But there was no such 'contract.' Carpenter offered to sell the land, but there was no one to buy; no one to agree to buy. Carpenter never was bound to convey, for there was no one to whom he could be bound. The contract was not 'consummated' in 1866; it was but made in 1866. Carpenter's offer was a continuing offer, which he could have withdrawn at any time, and it was not accepted till 1866. There was no statutory obstacle 'removed,' but statutory power was given. The act of May, 1820, was not repealed, nor its provisions suspended; they were complied with.
Mr. S. F. Phillips, Solicitor-General, contra.
Mr. Justice STRONG delivered the opinion of the court.
Though it has sometimes been said that an action of debt, or assumpsit, for the use and occupation of land, can be maintained only when the relation of landlord and tenant has existed between the plaintiff and defendant, this is not strictly accruate, if it be meant that a demise must be in fact proved. It is true that the statute of 11 George II, chapter 19, § 14, enacted that the action might be sustained when a demise has been proved, but the action existed before the statute was enacted, and the only effect of the statute was to enlarge its sphere. Privity of contract is doubtless essential in all cases. But when the defendant has entered and occupied by permission of the plaintiff, without any express contract, the law implies a promise on his part to make compensation or pay a reasonable rent for his occupation. In such a case, the consent of the owner to the defendant's entry, followed by such entry and by subsequent occupation, may be considered equivalent to a demise, or at least prim a facie evidence of a demise. This is because a demise with a corresponding agreement to pay rent, or make compensation for the use of the property, is consistent with an unexplained entry by the owner's consent, and because it is a reasonable presumption that occupation thus taken was intended to be paid for. No reason, however, for such an implication exists, when an express contract or an arrangement between the parties shows that it was not intended by them to constitute the relation of landlord and tenant, but that the occupation was taken and held for another purpose. And this is shown when the entry has been made in pursuance of an agreement to purchase, whether that agreement was in writing or in parol. Such an agreement sufficiently explains the allowed entry, without the necessity of resorting to any implication of a contract other than that actually made. Accordingly, it was ruled in Kirtland v. Pounsett,*fn7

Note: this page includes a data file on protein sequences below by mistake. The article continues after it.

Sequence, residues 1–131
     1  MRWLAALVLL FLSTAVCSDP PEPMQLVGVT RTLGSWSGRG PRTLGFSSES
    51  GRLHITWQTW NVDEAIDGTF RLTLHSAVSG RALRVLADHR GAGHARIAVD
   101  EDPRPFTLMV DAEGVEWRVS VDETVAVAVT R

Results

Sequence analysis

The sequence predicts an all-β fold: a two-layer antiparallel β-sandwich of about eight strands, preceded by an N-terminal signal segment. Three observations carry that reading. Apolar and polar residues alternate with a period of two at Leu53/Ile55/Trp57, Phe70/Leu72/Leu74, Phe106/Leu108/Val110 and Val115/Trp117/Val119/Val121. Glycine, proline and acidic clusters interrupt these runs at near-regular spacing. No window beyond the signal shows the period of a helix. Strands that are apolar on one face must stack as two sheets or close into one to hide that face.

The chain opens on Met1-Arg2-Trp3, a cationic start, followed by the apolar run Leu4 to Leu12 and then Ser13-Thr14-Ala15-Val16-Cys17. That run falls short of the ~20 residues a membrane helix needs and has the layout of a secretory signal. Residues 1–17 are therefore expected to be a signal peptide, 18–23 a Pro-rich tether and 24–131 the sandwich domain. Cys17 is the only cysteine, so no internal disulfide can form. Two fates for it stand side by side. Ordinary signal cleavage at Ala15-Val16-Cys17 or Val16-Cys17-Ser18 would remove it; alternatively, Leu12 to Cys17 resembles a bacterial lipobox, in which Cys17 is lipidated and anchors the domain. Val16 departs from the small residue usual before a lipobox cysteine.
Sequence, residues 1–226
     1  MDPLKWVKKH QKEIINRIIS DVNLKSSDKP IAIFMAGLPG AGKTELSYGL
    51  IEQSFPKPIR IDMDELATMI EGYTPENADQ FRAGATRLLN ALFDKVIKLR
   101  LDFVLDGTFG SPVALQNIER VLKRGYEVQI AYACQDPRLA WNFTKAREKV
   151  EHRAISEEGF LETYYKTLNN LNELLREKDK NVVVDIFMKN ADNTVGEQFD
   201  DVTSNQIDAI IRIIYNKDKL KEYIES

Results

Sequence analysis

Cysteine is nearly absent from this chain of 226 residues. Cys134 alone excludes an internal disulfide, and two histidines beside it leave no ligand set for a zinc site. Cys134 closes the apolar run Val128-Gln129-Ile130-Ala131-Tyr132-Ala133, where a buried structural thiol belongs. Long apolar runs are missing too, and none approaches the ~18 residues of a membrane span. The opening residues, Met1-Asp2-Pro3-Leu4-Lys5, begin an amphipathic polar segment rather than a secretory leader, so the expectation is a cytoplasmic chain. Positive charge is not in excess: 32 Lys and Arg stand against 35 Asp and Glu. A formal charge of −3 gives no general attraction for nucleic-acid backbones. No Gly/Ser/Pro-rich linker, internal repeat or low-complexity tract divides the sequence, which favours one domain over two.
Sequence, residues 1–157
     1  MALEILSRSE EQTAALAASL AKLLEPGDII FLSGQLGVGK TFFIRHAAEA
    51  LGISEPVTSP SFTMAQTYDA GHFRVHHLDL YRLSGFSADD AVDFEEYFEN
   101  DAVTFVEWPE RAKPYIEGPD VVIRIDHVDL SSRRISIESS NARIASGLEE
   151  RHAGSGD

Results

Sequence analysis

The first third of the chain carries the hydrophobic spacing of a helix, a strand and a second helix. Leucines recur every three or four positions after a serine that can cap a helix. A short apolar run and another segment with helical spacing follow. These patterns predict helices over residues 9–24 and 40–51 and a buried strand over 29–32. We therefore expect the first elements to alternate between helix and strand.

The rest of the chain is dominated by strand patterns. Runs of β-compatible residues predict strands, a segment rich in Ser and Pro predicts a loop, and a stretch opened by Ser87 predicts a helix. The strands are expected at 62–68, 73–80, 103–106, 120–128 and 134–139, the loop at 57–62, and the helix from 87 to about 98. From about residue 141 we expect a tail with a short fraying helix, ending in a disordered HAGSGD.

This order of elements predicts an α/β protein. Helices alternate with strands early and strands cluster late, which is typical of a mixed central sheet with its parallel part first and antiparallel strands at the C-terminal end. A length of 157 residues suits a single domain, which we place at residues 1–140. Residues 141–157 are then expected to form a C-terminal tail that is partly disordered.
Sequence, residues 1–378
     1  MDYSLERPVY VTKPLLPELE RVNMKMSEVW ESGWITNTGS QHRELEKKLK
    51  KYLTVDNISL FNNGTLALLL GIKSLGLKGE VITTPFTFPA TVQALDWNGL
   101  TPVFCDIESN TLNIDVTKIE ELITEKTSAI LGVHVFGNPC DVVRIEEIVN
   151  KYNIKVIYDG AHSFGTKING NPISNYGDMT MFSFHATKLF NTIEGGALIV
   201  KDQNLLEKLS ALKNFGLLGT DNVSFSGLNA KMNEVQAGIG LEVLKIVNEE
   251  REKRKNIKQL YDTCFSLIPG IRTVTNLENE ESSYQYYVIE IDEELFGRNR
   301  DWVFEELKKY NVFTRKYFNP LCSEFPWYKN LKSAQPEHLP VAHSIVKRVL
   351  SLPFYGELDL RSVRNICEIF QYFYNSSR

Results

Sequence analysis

that an action for use and occupation cannot be maintained against one who took possession under a contract of sale, which failed afterwards to be consummated, in consequence of the vendor's inability to make title. It is true it appeared in that case the purchase-money had been paid, and by the use of it the vendor might have been regarded as compensated for the defendant's occupation, yet C. J. Mansfield said: 'A contract cannot arise by implication of law under circumstances the occurrence of which neither of the parties ever had in contemplation.' The same principle was asserted in Rumball v. Wright.*fn8
And in the later case of Winterbottom v. Ingham,*fn9
the same doctrine was declared, though the purchase-money had not been paid, and the reason given was, that when the defendant was let into possession, both parties understood that he made no promise to pay rent. The holding was in the expectation that title would be made and the purchase completed. There are other decisions to the same effect. It is true that in Howard v. Shaw,*fn10
it was held that after a contract of sale had been rescinded, an action for use and occupation might be maintained against a defendant who had remained in possession with the consent of the owner, but without any title or contract for the purchase of the land, and that a recovery might be had for the possession retained after the contract of purchase was terminated. But he was not held liable for rent during the time the contract subsisted, and he could not have been for the obvious reason that the contract was inconsistent with any understanding that rent was to be paid. And no case can be found, it is believed, in which one who entered in virtue of an agreement or understanding that he was to be a purchaser, has been held liable in an action for the use and occupation of the land, if the purchase was actually concluded.
It is contended, however, on behalf of the present plaintiff, that the contract of purchase under which, or in the expectation of the completion of which the United States entered, and under which they continued to hold until the deed was made and the purchase-money was paid, was invalid; that until the act of Congress of 1866 was passed, no executive department had authority to purchase the island, and that, therefore, there was no legal contract for the purchase in existence until the deed was made and the price paid. But if this be conceded, it can make no difference. Let it be that neither party could have enforced the parol arrangement, it is still true that it was utterly inconsistent with any understanding that the parties contemplated the one was to pay and the other was to receive rent for the occupation of the property. The understanding of the parties is the material thing. Unless it was in their contemplation that compensation, other than the price stipulated to be paid for the transfer of the title, should be made, as C. J. Mansfield said, in Kirtland v. Pounsett, a contract to pay rent cannot arise by implication of law.
The plain common sense of the case is, that if the plaintiff was entitled to anything beyond what he has received, it was to interest on the purchase-money from the time the possession was taken until the price of the sale was paid. That he should have demanded before he delivered his deed. Not having done so, but having accepted the principal and consummated the sale, he cannot now assert that the relation in which his vendee stood to him was that of a tenant to a landlord, and recover interest in the shape of damages for the breach of an implied promise to pay rent for the use and occupation of the island. There is no room in the facts found by the Court of Claims for the implication of any such promise.